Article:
5. Does the platform make it easier to create, share & consume APIs?
    Today, APIs are at the front and center of business applications and architecture. Most low-code platforms support APIs at best. However, one must choose a platform that takes an API-first approach to application delivery. It should be easy to import data from any service and bind it to UI components. Moreover, the platform should allow developers to create, publish and discover APIs with ease.
  6. Is it easy to maintain the code generated?
    With most low-code platforms, even the most experienced developer would not understand the code generated by the platform. Maintainability is a critical aspect of application delivery and is overlooked by many of these platforms. Verify that the code generated follows design patterns, is well-organized, uses standard naming conventions, and generates documentation that developers can understand and maintain.
  7. How well does the application handle security?
    Enterprise applications need both coarse-grained and fine-grained security control mechanisms. The low-code platform must support flexible authentication and authorization mechanisms to secure users and various tasks within the application. Check for integration support for popular identity management systems like AD, LDAP, SSO, and OAuth.

To Summarize, we at WaveMaker,  have taken into account the above questions keeping the end-user and business stakeholders in mind while creating our low-code platform. The WaveMaker low-code platform reduces the coding effort by an estimated 75% with its ready-to-use templates, themes, and easy drag & drop features. It facilitates easy integrations of APIs, import databases including web services as well as allow you to secure your application with authentication and roles. Developers are allowed to customize, extend markup, script, styles and they are provided with the option of 1-click test and deployment.

Get Started to experience what you can do with WaveMaker.

In today’s world, applications and software are at the crux of any enterprise. Whether it is a humble spreadsheet dashboard or a mission-critical transaction processing platform, each application has a role to play despite the varying degree of IT focus accorded to them.

One way to look at the enterprise application portfolio is from the lens of their rate of change, as explained by Gartner in their Pace-Layered Application Strategy. This strategy divides applications into three application categories, or “layers,” to distinguish application types based on their rate of change.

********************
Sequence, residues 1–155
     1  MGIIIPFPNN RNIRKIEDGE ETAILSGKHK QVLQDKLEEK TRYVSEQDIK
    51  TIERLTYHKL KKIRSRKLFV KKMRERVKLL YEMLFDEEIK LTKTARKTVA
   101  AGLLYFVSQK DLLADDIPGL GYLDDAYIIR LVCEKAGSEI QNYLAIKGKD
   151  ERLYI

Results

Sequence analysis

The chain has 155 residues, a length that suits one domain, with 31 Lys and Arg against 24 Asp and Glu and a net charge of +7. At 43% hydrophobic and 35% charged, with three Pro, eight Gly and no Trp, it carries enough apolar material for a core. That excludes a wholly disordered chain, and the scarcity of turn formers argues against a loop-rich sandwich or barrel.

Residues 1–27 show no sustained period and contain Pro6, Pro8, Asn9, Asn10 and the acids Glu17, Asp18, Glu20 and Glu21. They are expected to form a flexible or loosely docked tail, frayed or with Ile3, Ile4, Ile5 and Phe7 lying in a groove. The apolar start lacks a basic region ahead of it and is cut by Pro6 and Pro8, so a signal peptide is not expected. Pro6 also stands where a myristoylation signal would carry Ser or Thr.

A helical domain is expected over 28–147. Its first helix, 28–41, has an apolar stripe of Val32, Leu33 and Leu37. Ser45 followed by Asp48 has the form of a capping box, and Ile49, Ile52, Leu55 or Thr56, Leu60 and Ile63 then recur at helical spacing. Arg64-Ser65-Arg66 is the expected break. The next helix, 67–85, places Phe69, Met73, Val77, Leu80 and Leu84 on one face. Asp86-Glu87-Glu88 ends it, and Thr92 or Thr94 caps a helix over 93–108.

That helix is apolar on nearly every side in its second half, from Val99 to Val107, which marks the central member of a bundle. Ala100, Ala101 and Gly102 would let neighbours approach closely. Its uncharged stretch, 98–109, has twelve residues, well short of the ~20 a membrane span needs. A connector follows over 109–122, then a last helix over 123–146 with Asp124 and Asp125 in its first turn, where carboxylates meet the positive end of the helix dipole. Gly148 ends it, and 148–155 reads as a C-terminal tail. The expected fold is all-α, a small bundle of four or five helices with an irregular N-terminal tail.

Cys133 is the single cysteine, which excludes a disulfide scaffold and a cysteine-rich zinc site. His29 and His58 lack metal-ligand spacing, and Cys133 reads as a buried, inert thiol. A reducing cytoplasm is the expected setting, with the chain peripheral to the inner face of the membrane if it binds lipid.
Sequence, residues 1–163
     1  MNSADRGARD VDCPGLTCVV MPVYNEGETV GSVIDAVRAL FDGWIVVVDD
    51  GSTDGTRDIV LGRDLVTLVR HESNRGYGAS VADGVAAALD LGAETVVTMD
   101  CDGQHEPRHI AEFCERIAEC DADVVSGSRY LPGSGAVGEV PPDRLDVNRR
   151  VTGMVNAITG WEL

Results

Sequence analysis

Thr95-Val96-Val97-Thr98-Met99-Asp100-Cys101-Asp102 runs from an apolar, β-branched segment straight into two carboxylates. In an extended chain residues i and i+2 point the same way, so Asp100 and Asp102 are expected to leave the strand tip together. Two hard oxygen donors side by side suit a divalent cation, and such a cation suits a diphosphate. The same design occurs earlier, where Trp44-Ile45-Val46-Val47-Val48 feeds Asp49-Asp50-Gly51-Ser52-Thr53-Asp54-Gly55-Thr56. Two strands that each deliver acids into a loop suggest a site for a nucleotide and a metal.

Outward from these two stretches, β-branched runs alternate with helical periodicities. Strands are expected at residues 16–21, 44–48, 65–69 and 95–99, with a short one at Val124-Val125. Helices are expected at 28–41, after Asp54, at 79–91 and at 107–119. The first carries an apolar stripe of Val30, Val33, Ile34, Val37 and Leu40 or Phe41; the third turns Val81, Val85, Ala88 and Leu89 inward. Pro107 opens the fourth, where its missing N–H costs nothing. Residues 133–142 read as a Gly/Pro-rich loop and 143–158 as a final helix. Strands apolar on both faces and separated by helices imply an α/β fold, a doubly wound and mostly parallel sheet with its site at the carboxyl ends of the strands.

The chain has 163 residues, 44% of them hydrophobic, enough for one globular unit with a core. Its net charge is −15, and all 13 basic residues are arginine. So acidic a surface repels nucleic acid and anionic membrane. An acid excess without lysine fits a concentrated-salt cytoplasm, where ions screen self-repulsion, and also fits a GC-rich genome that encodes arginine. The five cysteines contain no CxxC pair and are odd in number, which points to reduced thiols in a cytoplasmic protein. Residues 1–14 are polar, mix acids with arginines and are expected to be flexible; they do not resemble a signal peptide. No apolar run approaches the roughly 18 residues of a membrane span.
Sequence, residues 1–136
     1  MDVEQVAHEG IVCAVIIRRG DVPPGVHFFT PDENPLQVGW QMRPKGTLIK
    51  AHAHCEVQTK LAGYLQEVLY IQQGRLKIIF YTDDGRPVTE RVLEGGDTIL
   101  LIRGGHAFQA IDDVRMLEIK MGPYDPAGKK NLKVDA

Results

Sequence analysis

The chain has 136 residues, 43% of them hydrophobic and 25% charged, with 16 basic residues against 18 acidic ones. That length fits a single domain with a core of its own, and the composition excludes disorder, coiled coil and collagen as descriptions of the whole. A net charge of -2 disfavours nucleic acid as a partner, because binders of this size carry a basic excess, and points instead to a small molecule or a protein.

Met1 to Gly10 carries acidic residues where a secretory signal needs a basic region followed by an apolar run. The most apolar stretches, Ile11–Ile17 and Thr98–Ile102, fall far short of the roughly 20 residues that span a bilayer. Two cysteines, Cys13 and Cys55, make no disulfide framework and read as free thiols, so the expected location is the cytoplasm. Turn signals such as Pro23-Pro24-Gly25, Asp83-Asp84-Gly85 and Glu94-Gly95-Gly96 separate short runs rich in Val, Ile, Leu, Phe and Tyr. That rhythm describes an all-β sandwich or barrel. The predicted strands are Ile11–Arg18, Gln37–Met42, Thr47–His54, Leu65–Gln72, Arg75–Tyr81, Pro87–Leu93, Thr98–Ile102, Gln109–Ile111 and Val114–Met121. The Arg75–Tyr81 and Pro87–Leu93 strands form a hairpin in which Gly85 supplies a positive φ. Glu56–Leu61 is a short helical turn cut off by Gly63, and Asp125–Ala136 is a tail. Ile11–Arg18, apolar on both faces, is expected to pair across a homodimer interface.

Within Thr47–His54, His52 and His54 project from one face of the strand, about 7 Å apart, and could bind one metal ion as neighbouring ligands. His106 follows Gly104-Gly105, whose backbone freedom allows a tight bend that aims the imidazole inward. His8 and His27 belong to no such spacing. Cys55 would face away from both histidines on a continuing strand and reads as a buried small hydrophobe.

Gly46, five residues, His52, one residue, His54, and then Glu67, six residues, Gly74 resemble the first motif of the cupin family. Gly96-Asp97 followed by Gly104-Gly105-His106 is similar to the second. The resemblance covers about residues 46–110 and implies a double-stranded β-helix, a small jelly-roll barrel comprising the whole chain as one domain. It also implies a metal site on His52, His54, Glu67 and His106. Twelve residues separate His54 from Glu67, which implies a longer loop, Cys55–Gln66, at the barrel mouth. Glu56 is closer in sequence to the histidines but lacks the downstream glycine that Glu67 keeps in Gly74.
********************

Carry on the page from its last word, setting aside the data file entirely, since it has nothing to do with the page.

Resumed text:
A closer examination reveals that these layers also denote the proportion of focus and budget traditionally accorded by enterprises. And if one were to analyze the number of applications with respect to their popularity (with respect to IT focus and budget), the distribution would be a long tail one as shown below.


It is apparent that Systems of Innovation and to some extent Systems of Differentiation fall under the long tail apps category.

Long-tail apps: Definition and characteristics

The diverse set of heterogeneous applications that are used by small sets of employees or teams for a specific purpose and are typically beyond the scope of IT governance can be classified as long-tail apps.

Long-tail applications generally have the following characteristics:

Long tail apps and shadow IT

Businesses want innovation and change. IT wants stability and control. With tight budgets, IT can rarely get to all of the custom apps the business needs. Hence, business teams or groups end up creating long-tail applications which are not approved by IT and are generally rely on non-standard and proprietary technologies. The result is a smorgasbord of systems and applications generally called as “shadow IT” or “stealth IT”.

Issues migrating long-tail apps

When IT does try to migrate long-tail applications, they face the following problems:

How to fix the problem of shadow IT created by long-tail apps?

When 81% of line-of-business workers and 83% of IT staff admit to using non-approved SaaS apps (Source: CIO Insight), it is a daunting task to banish shadow IT especially when traditional ways of delivering applications work against innovation – which is usually found in the long tail as we have discussed earlier.

In order for organizations to quickly deliver apps that users want without compromising on IT security and governance, enterprises need to follow a two-fold approach:

  1. Innovate: Enable business units to build their own apps but on technologies sanctioned by IT by making sure that the tools to create new applications are widely available and easy to consume.
  2. Renovate: Migrate existing long tail applications by liberating them from proprietary technologies using proven modernization techniques and platforms.

We have been able to successfully help enterprises across the globe navigate the shadow IT problems due to long-tail apps. WaveMaker Rapid Application Development Platform is a proven choice for both innovation and renovation because of the following reasons:

Low-code Application Development vs Traditional Development

Hawk Hill is one of my favorite places. When you sit there, you see the sea on one side and the bay on the other.  You can clearly see the change of pattern in the water between the two sides. The bay shows the calm waters while the sea is full of waves. This view is awesome as it shows the two bodies of water at the same place (of course, the majestic view of the Golden Gate is present as well).

I was in a similar situation some time ago when our team was developing functionality for appointment scheduling for a popular retail chain.

On the one hand, we had their website written with traditional architecture and practices. And on the other, we created an application for appointment scheduling with our low-code platform. The comparison of traditional and modern RAD development never looked so enlightening before.

About the application

Appointment application included:

Screenshots of a few representative pages